Is White Fungus on Trees Dangerous?

When taking care of your trees, you might notice white fungus growing on them. Any unusual growth is cause for concern, and you might find yourself asking, “Is white fungus on trees dangerous?”

The short answer is yes. By the time you see white spots on the plant’s surface, it may have eaten up a substantial portion of the tree from the inside. 

Let’s dive deeper to learn more about this fungal disease, including some preventative measures as advised by a highly sought-after tree removal company in Palm Bay, FL

What Is White Fungus? How to Spot the Infection

You need to first understand what this disease entails to answer the question, “Is white fungus dangerous?”

When you notice white mold on your tree trunks, either heart rot or powdery mildew could be the cause. These two fungal diseases have glaring differences and are quite easy to diagnose and treat. 

What Is Heart Rot? 

Heart rot commonly attacks woody trees, destroying their trunks and branches from the inside out. That means you won’t notice any signs of this fungal infection until it has done substantial damage. 

If your tree bark has a cut, you might be able to tell that it is rotting from the inside. At the advanced stages, you’ll notice some white growth on the trunk. Whitish, mushroom-shaped fruiting bodies, known as brackets or conks, will appear on the outer part of the trunk. 

If you see only one conk, it means that roughly one cubic foot of decayed wood lays behind it. So, several conks on your tree’s trunk translate to severe damage.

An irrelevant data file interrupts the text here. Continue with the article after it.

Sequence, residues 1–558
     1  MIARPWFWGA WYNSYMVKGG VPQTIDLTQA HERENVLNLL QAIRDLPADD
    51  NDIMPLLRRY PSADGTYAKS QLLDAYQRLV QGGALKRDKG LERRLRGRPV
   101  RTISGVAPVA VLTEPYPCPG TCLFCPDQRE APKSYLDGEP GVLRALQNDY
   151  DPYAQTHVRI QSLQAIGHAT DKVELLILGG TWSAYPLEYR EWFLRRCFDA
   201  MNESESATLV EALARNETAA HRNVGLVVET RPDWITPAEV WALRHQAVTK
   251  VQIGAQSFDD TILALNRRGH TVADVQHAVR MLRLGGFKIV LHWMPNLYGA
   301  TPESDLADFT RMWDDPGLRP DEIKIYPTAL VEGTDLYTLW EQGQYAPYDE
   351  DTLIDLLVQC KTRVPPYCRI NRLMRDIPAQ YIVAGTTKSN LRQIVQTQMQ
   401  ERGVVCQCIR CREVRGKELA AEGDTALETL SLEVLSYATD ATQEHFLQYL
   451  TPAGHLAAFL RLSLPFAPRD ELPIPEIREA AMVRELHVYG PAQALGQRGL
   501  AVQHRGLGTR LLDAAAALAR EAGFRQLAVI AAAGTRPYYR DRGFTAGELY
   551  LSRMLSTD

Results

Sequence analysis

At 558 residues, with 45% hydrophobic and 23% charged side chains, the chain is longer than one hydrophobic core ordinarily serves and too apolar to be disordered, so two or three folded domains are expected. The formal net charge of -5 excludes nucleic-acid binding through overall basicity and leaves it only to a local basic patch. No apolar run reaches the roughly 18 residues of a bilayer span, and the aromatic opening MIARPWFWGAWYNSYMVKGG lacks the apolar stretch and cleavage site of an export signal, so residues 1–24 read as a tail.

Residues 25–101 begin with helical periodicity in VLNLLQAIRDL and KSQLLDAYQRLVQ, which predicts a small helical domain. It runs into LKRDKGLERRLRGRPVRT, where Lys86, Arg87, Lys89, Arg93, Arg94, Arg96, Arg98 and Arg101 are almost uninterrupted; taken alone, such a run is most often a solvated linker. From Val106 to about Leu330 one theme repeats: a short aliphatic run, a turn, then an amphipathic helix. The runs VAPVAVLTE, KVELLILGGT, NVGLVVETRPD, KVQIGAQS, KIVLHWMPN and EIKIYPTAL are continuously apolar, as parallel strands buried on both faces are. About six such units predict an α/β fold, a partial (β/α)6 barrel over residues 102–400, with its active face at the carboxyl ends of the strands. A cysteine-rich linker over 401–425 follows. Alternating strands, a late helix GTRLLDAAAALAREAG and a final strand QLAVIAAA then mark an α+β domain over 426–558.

What Is Powdery Mildew?

Powdery mildew affects all types and plants, but basswood, maple, magnolia, and dogwood are the most vulnerable tree species. It’s the most common cause of the white stuff growing on your tree trunks.

The symptoms of this fungal infection vary widely depending on the infected plants. You may notice brownish or pure-white spots on the bark, stems, and branches of your tree. The infected leaves and bark usually look like you’ve sprinkled powder on them. 

If you don’t address the disease early enough, the leaves of the infected tree may turn yellow and fall off prematurely. This occurs when powdery mildew leads to critical nutrient deficiency in the plant. In some cases, white mushroom-like growths develop on the bark of the affected tree. 

Not All White Spots on Trees Are White Fungus

At times, you may mistake the lichen on your trees for white fungus. Lichen can thrive on a wide range of surfaces, including rocks and old, unused cars. 

Unlike white fungi, it isn’t harmful to trees. Also, lichens are not always white. They can be yellow, orange, green, gray, or red. 

White Fungus Prevention & Treatment 

When it comes to preventing or treating white fungus, you must first understand the type of infection you’re dealing with. While heart rot can grievously damage your tree before you notice it, powdery mildew rarely kills the trees that it affects. 

You should protect your trees from wounds and injuries as they can expose your tree to a heart rot infection. A reputable arborist can offer proper advice on how to deal with these fungal infections. 

Contact Your Local Tree Experts for Assistance

Is white fungus on trees dangerous? Yes, it is; this fungal infection can have far-reaching effects on your plants, including root rot. It’s best to seek professional help before things get out of hand. You can trust East Coast Arbor Pro with all your tree care needs in Palm Bay, FL. Give us a call at (321) 917-9342 for a free estimate or to learn about what an arborist does.

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